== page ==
This is a story about a mining town where very few people feel good about themselves and the lives they lead. It’s worst among the whites who feel trapped without upward mobility and with limited opportunity — a characteristic of most mining towns. It is a very patriarchal, church-going community. Speak to anyone and they tell you about how cliquey the townspeople are. This is Mokopane in Limpopo, where a Monday for lawyers means sobbing wives who try to hide the bruises behind sunglasses and makeup. By Wednesday, all talk of divorce is over and it all starts again.
Among blacks, there is a more genuine sense of community but the challenge is staying alive. There are few jobs, especially if you are a member of the DA, and not nearly enough for everybody. New mines, it is claimed, only offer jobs to ANC members.
Last Saturday, a dog was killed — murdered would be a better word — at someone’s house near the centre of the town. Witnesses who saw what happened clammed up when they were asked to testify so exactly what happened never found its way to an affidavit. But it’s claimed that the dog was beaten with a chair, driven over by a bakkie (or the attempt was made) and shot several times. The dog’s owner claims the dog bit him, but whether this was before or during the beating is unclear.
Since a firearm was discharged in a residential area, the police were called but took no action.
The local SPCA took the report very seriously and it’s chairperson is Marcelle Maritz, a DA councillor for Mokopane. She’s no stranger to difficult situations, having been the town’s Sheriff for 18 years.
They SPCA asked to collect the dog’s body to establish how the dog died. The owner agreed and undertook to call them back to make arrangements. When he didn’t call back, they called again only to be told that the dog’s body had been disposed of. It had been taken to the edge of town, and buried under tyres which had been set alight. Does this sound like the actions of someone with nothing to hide?
When I spoke to Marcelle, she said that she had just been speaking to the man’s boss. He was clearly unhappy with the events and had issued the man with a final warning — he had used the work bakkie without permission to dispose of the dog’s body.
He also told Marcelle that the man is under a lot of stress. His wife is out on bail and his kids have no food. The boss was worried that the next act of violence could be directed at the wife and children.
In discussion with Marcelle, she conceded that this cannot justify his actions but she had to look after the best interests of the community… and her priority was the children. She would obtain food for them from the Noodforum.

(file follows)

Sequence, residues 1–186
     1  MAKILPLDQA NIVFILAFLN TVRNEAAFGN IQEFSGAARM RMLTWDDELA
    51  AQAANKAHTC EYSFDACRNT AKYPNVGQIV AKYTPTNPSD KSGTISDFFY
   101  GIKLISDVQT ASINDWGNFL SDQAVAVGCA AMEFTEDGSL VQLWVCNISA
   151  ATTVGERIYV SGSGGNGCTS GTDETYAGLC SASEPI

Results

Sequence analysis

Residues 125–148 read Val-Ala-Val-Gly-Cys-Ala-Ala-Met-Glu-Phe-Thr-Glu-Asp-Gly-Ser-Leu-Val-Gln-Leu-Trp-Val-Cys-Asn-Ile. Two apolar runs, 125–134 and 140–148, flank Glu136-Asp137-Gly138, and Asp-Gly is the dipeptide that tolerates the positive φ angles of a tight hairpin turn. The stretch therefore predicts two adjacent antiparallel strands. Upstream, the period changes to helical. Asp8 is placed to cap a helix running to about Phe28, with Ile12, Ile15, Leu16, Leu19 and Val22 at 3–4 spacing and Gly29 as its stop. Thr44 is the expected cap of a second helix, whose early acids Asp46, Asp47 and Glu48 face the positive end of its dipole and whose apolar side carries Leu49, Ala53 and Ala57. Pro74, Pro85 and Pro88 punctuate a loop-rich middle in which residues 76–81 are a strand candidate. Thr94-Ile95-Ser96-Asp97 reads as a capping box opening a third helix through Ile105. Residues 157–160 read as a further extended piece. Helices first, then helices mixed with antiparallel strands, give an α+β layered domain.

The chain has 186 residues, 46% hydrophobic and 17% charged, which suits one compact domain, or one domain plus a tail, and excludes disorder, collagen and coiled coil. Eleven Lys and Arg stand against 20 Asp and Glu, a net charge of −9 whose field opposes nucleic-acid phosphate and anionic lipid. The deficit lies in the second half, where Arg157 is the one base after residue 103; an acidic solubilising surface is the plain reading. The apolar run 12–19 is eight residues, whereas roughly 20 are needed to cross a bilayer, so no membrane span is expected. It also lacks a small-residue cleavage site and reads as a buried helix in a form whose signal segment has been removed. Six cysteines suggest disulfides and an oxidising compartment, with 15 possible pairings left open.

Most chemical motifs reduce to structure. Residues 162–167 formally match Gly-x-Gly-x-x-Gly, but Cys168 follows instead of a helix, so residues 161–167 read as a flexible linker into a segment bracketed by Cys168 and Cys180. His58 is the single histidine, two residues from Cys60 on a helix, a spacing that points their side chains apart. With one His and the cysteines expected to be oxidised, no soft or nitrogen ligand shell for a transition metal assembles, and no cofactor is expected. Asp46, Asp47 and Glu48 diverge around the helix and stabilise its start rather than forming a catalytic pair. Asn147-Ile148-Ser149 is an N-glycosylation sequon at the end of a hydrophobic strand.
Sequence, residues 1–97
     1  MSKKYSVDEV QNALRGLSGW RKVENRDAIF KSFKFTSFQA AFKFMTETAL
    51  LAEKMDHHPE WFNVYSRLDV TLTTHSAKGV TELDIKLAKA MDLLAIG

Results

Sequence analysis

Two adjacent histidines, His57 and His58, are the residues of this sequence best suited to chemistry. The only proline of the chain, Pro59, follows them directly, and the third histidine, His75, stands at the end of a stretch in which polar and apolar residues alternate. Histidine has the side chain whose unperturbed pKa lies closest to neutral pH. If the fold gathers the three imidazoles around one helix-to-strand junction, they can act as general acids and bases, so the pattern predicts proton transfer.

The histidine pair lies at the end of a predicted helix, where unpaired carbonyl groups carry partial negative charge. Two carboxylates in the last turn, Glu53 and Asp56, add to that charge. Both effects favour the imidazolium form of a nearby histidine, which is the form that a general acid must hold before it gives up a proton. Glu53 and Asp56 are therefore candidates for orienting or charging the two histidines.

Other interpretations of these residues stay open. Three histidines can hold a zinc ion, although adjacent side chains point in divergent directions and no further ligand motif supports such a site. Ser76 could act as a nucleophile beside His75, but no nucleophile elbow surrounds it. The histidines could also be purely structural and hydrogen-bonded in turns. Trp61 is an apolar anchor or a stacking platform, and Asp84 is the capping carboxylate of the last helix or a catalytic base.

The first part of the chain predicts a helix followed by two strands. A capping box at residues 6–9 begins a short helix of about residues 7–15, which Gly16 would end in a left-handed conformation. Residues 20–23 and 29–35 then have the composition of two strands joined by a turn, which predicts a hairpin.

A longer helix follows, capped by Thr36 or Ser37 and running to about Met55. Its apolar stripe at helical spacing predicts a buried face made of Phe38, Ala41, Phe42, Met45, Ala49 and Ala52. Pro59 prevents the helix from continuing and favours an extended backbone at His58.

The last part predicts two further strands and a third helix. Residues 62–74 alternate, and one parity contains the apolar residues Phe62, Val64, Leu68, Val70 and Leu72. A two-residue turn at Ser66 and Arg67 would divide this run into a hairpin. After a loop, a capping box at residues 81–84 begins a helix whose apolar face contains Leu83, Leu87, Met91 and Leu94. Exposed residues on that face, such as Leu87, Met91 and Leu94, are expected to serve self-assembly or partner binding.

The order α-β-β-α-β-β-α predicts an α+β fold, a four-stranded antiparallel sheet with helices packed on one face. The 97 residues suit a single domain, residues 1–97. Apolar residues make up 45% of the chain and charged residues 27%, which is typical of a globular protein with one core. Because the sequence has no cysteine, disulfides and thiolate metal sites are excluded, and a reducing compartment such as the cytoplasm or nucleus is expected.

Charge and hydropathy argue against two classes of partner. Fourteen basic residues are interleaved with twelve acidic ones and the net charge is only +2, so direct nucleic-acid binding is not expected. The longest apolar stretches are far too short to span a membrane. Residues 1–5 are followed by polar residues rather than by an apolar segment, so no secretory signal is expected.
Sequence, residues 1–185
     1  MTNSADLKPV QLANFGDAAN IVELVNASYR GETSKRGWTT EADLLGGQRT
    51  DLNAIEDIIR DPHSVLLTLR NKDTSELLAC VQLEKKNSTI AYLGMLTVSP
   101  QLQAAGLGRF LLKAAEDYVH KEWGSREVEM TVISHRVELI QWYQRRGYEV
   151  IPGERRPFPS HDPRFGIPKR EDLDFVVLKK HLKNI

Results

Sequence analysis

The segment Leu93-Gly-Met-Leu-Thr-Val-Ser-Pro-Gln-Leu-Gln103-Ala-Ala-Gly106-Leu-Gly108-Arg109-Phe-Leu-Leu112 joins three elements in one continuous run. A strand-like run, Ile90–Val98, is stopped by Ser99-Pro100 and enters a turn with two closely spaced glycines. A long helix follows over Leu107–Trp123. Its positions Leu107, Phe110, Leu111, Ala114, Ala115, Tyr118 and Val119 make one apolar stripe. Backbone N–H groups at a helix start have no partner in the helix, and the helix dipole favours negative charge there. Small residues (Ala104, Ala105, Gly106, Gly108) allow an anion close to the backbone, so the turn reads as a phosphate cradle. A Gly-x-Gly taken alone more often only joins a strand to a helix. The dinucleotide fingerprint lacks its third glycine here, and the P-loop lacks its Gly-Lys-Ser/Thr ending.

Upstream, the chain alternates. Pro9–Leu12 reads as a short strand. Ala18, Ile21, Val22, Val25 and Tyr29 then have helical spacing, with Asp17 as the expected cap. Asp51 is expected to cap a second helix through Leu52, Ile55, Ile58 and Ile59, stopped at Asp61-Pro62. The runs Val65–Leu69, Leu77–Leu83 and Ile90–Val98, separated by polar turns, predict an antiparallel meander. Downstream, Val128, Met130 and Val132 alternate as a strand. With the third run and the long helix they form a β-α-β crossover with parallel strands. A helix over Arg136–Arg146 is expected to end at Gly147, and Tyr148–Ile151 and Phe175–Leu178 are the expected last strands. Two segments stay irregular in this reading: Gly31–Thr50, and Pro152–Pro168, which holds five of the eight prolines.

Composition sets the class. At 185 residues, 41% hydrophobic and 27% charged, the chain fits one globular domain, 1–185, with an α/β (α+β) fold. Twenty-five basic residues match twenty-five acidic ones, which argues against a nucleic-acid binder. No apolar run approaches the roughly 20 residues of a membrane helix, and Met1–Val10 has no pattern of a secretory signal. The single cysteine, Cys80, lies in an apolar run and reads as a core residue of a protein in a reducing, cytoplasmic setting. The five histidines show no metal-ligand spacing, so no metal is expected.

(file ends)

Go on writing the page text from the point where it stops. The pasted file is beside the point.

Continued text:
But what about the gun, I asked. Had it been fired while under the influence of alcohol? Marcelle felt it probably was. So surely the police should open a case, confiscate the firearm and revoke the licence? Surely, given the fact that South Africa has the highest rate of family murders in the world, one cannot take chances?
What about the other dogs? If the children have no food, do the dogs have any? (Let’s ignore the fact that there’s probably money for alcohol.) Surely the SPCA should remove the other dogs?
Marcel agreed and her next stop was going to be the station commander at SAPS Mokopane.
The next thing I hear is that the man has agreed to do voluntary community service at the SPCA, and that’s the end of the whole episode.
Or is it the end of the episode? If he walks away after the first day of community service, does the SPCA have any recourse? Are his wife and children safe? If they become his next victims, who is to blame? Is it the witnesses who let a whole community down by refusing to testify? Is it Marcelle Maritz who tried to find a middle ground? Or is it the SA Police Service who — yet again — ignored all the obvious signs and did nothing? A former neighbour says the man has a history of violence and alcohol abuse… a suitable candidate for a firearm license?
The real sadness is that communities allow things like this to happen. Is this how the people of Potties (the old affectionate name for the town) want to be known — turn-a-blind-eye, sweep-it-under-the-carpet kind of people because it’s not too bad?
“The greatness of a nation and its moral progress can be judged by the way in which its animals are treated.” — Mohandas Gandhi (1869-1948)